These scores bested both the CyberPower X7-200 (61 fps at medium resolution and 25 fps at 1080p for Heaven and 29 fps for Aliens vs. Predators at high resolution) and the MSI GX60 1AC-021US (39 fps for Heaven and 35 fps for AvP, both at 1080p resolution). They also surpassed the Editors’ Choice Asus G75VW-DH72, which turned in scores at Heaven of 70 fps at 1,366 by 768 and 28 fps at 1,920 by 1,080 and a mere 18 fps in Aliens vs. Predator at 1080p.
Though the other machines can play these games, the GX70 3Be-007US can do so without you having to dial down the eye candy, a rarity for a sub-$2,000 laptop. Some higher-end models turn in massive scores—the Origin EON17-SLX, which uses twin graphics cards in SLI configuration, played Heaven at 178 fps at mid-level quality and 71 fps at 1080p, and AvP at 75 fps at high resolution. They’ll provide smoother gameplay, but they also cost a lot more.
In our multimedia testing, it took the GX70 3Be-007US a ponderous 6 minutes 21 seconds to crawl through our Photoshop CS6 test, and 1:46 to finish the Handbrake video transcoding test. Both of these are far slower than the times put up by the FangBook (3:45 and 37 seconds, respectively).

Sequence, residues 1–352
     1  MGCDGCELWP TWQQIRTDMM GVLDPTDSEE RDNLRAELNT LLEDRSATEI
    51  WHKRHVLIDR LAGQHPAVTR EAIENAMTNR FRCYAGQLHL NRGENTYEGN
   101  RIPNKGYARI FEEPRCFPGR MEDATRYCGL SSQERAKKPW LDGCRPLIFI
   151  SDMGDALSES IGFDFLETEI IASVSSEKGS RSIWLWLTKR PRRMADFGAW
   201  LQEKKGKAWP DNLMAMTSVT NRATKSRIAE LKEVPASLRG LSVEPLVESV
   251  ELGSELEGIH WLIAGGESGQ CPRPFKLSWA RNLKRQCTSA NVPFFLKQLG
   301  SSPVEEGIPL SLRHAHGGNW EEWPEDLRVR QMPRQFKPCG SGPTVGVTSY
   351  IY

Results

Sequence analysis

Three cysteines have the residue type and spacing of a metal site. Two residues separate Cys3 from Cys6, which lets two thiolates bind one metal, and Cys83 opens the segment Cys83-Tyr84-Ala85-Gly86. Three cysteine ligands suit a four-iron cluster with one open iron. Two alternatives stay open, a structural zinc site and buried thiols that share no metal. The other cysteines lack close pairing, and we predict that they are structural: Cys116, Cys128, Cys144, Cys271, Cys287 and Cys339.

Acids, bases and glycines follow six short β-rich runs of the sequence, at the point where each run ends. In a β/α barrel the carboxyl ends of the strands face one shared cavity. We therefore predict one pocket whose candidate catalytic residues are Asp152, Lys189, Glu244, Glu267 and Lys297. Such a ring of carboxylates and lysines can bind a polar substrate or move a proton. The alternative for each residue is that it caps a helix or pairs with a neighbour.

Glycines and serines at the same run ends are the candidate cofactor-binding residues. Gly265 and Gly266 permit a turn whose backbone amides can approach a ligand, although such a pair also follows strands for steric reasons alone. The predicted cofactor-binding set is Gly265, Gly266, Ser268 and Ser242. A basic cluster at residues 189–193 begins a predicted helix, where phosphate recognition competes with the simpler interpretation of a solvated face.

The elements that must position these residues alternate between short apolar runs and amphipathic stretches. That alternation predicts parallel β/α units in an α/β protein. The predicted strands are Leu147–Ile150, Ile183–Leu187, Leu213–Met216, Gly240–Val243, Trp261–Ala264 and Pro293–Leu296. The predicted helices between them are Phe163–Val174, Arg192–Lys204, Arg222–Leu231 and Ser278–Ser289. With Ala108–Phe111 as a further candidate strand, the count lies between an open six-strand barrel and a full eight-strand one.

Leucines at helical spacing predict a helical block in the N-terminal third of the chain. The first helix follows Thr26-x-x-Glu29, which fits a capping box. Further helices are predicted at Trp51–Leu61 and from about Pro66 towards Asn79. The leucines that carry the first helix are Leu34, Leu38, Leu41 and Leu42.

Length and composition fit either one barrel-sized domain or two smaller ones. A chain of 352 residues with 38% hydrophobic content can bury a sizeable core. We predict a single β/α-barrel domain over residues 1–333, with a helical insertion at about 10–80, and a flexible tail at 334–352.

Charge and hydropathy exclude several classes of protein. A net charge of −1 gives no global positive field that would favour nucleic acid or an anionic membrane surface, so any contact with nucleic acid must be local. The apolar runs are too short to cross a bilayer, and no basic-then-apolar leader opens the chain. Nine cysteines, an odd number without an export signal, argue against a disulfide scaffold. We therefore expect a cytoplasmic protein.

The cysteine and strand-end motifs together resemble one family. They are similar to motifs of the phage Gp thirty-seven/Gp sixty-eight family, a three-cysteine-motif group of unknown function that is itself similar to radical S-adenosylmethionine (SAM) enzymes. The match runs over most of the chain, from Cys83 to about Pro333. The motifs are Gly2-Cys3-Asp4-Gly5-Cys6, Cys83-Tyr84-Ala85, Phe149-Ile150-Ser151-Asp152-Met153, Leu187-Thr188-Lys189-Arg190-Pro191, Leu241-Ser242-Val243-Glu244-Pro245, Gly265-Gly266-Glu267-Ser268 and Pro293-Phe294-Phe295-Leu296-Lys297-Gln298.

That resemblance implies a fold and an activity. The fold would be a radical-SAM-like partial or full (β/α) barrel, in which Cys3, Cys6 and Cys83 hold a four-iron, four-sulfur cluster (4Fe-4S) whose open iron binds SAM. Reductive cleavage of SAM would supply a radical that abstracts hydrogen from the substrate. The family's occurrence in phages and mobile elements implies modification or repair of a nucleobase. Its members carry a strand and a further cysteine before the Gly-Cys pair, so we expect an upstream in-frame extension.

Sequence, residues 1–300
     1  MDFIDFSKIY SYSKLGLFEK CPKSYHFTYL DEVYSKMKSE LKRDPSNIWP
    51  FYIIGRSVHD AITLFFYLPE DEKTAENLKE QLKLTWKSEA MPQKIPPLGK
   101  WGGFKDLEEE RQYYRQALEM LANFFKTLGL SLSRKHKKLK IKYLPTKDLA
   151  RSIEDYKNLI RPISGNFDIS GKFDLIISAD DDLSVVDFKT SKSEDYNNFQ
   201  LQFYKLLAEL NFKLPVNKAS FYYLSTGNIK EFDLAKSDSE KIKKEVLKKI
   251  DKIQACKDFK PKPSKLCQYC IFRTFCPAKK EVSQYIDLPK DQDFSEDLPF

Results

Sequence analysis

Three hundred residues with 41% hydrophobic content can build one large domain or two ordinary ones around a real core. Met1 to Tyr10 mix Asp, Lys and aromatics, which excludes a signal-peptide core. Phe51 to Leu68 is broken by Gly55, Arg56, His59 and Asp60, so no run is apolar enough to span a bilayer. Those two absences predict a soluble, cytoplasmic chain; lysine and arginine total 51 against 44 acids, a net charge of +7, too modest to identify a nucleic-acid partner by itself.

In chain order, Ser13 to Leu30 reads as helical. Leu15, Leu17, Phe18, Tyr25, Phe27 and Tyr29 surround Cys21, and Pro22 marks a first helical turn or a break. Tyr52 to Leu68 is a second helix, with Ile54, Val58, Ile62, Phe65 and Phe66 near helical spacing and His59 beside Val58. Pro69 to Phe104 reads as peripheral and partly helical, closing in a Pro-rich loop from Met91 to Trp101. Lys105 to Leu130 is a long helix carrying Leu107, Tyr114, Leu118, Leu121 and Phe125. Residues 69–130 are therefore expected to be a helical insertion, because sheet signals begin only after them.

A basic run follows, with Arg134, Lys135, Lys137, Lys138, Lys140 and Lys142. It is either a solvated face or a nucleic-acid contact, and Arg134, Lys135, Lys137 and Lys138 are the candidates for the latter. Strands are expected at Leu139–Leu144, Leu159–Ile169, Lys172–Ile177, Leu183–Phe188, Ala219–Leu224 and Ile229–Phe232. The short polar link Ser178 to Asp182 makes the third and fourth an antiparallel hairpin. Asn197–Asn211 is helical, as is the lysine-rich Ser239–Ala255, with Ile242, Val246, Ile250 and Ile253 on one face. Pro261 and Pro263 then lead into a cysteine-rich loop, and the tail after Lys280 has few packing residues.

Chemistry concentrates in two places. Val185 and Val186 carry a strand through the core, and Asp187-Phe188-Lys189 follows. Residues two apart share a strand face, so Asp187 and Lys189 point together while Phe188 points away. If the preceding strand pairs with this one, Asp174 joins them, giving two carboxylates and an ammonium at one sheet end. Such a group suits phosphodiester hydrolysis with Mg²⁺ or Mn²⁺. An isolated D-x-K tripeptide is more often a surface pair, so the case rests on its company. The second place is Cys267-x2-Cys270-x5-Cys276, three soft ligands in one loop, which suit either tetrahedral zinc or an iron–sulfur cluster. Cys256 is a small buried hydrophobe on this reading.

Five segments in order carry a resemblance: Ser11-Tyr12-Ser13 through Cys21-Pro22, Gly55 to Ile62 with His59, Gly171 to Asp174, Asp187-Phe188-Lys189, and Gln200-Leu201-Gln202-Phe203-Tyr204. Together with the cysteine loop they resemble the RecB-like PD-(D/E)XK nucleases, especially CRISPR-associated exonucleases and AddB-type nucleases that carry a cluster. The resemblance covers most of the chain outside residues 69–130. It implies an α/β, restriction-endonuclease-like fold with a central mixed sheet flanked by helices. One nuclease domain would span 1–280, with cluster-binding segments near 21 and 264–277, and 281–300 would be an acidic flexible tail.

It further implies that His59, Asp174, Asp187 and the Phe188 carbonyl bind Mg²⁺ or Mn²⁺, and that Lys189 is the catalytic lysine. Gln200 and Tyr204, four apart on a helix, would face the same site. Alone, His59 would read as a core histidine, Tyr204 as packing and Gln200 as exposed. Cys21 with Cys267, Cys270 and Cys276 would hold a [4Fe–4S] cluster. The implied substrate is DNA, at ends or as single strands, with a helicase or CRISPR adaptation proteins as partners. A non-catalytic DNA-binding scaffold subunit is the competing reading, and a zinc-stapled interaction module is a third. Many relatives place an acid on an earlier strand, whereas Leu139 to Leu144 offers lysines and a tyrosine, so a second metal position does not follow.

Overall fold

In PCMark 7, which measures overall system performance in a variety of tasks, the GX70 3Be-007US scored 1,680 points, lagging the MSI GX60 1AC-021US (1,852 points) and far short of the CyberPower X7-200 (5,884 points). Likewise, its 2.07 points at CineBench, which tests a system’s 3D rendering ability, was far lower than the FangBook’s 6.38 points.
In our battery rundown test, the GX70 3Be-007US played video and its audio track for 4 hours 16 minutes before shutting down, a respectable score for a gaming laptop. The MSI GX60 1AC-021US managed 3:51, while the Asus G75VW-DH72 eked out 3:02 and the CyberPower FangBook X7-200 lasted just 2:12. Chances are that you won’t be spending much time with this behemoth away from an outlet, but it’s good to know that the GX70 3Be-007US can operate on battery power in a pinch.
The MSI GX70 3Be-007US put up splendid scores for 3D hi-res gaming for a laptop of its price, even when pitted against two comparably priced Editors’ Choice gaming laptops, the CyberPower FangBook X7-200 and the MSI GX60 1AC-021US. If your interests extend beyond gaming, the FangBook X7-200 provides more well-rounded performance while still putting up very good frame rates for its price. But the GX70 comes through where it matters most for gamers, earning its place as a new Editors’ Choice for entry-level gaming laptops.
|Processor Name||AMD A10-5750M|
|Operating System||Microsoft Windows 8|
|Graphics Card||AMD Radeon HD 8970M|
|Processor Speed||2.5 - 3.5 GHz|
|Primary Optical Drive||Blu-Ray Disc|
|Screen Size||17.3 inches|
|Storage Capacity (as Tested)||750 GB|
Copyright © 2012 Ziff Davis, Inc